Friday, October 28, 2011

Greetings from AASL 2011

There's so much going on at AASL 2011 in Minneapolis, MN.  Lots to learn and absorb!  Here are a few highlights that I've picked up in the last day and a half:
This post was brought to you by HVLA president, Anglela Ungaro.

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Tuesday, October 25, 2011

Our Embedded Librarian at Library2.011

Are you planning on joining the masses for Library2.011?  The worldwide virtual conference is fast approaching and the presenters have some amazing sessions planned for the three day event.   You can watch librarians from all over the world talk about what they are doing in their libraries.  One of HVLA's  own librarians, Briar Sauro, will be presenting her curriculum as well.  Read all about it below.

Briar was inspired by conference STRAND 2:  "Librarians & Information Professionals" - Evolving Professional Roles in Today’s World. Says Briar, “I wanted to present at Library 2.011 because I saw the term ‘embedded librarian,’ an idea to which I strongly relate but which I rarely see applied at the elementary level.”

Briar has been at Berkeley Carroll since 2004 as the librarian for Grades 2-4 and has been an Independent School Librarian in New York since 1999. About two years ago she began making big changes to her library curriculum. She got the Fourth Grade library class scheduled back-to-back with computer class so that she, along with the computer teacher, could use the time flexibly for computer skills, library skills and online research skills as needed.

Briar did not stop there. That year, she was under Peer Review and was asked to imagine her ideal library program by her Review committee.  She told them about all the things we learn in library school, flexible scheduling and integrating research skills into the classroom curriculum. One wise teacher said, “Sounds like you need to be working with the classroom teachers, not just the computer teacher.”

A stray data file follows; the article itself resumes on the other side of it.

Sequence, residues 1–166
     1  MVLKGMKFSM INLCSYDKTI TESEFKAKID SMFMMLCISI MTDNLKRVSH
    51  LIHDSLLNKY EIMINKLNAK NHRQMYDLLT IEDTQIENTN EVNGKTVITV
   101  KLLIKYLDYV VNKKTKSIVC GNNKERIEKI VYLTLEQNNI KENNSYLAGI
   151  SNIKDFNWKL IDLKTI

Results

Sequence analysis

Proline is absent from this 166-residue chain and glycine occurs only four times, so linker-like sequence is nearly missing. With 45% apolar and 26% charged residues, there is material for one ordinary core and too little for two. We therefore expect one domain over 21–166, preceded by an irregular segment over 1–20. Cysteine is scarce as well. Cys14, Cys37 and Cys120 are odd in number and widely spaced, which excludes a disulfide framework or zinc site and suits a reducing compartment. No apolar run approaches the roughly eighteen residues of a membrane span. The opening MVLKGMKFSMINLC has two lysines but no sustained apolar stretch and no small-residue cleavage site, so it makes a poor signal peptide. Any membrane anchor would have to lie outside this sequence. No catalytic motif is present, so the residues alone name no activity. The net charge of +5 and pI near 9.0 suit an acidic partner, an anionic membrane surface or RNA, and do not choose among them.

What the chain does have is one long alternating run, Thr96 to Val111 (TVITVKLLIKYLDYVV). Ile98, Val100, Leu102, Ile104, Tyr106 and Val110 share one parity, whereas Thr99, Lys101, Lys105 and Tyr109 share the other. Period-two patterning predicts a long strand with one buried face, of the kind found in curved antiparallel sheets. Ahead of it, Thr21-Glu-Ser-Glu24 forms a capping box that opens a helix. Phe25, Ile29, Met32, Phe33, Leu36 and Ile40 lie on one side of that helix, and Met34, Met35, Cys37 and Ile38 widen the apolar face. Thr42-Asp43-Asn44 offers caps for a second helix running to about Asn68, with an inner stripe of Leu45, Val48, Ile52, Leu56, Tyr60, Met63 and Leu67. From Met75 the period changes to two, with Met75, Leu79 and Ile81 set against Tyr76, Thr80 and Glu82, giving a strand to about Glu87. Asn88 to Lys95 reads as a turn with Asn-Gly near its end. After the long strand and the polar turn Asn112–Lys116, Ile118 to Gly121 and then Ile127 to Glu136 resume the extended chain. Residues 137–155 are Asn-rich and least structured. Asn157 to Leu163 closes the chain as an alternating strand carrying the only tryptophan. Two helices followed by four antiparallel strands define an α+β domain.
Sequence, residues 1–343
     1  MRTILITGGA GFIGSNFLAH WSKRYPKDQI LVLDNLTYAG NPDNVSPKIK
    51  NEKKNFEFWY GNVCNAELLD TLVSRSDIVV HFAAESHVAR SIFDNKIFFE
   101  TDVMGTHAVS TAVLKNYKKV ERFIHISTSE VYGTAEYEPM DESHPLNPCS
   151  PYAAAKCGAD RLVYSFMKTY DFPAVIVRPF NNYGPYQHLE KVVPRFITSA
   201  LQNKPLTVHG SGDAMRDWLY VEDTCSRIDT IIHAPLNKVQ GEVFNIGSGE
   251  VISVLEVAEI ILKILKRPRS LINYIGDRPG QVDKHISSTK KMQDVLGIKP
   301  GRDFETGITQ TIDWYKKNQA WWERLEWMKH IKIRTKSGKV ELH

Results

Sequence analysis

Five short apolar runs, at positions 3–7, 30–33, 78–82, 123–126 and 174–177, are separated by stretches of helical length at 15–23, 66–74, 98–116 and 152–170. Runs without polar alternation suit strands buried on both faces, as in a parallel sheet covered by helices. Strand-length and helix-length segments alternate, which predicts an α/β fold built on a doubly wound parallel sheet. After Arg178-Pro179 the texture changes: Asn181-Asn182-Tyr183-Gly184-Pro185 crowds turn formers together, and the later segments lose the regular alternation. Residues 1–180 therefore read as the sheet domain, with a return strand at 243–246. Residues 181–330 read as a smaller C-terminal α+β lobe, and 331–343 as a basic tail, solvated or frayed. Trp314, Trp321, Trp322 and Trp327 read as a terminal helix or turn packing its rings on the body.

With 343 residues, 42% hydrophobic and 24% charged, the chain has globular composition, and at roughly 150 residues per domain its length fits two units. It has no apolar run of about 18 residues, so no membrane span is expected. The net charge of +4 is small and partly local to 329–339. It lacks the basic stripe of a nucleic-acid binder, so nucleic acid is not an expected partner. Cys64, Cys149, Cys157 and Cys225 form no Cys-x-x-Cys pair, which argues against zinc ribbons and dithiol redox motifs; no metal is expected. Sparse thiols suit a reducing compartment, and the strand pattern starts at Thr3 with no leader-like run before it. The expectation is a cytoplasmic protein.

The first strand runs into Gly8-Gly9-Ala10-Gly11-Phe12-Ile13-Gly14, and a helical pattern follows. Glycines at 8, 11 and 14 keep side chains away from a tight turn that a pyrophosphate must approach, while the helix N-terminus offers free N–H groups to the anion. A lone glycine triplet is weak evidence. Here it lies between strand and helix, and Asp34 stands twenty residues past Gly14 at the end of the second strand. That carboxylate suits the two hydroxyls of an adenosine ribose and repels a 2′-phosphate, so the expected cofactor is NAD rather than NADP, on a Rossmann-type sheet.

So, with the support of her Peer Review committee, she presented a proposal to the administration to overhaul her entire Third and Fourth grade curriculum. She now co-teaches with the computer teacher and the classroom teacher. They work in the library, lab, or classroom, depending on the content of the lesson. Briar attends all grade level meetings and works out a research timeline with the teachers. They figure out what the students will need to know for their research projects and then they break it down into lessons and mini-lessons leading up to their projects.

The integrated library curriculum is always dependent on the social studies curriculum and may change over time. For one unit, Briar taught three weeks of lessons on using authoritative websites followed by a short mini-lesson on using Google Docs for note-taking as students launched their explorer research. For another project she built a web page full of video and interactive resources for a trip to Ellis Island and then assisted while the students wrote immigrant journals in their docs (with factual sidebars!).

This new curriculum would not be possible without the support of the administration, a team of enthusiastic teachers up for a challenge, a reworked schedule, and a librarian for PreK-1st Grade who can help the students become independent library users by 3rd Grade. And it is not without its challenges. In her presentation, Briar will talk about all that went into her embedded curriculum: the planning, the collaboration, and the challenges. “This is messy work and we are still figuring out how best to do it. I’ve been pleased, though, by the increase in students’ capability and competence with online tools and their enthusiasm for the work we do together.”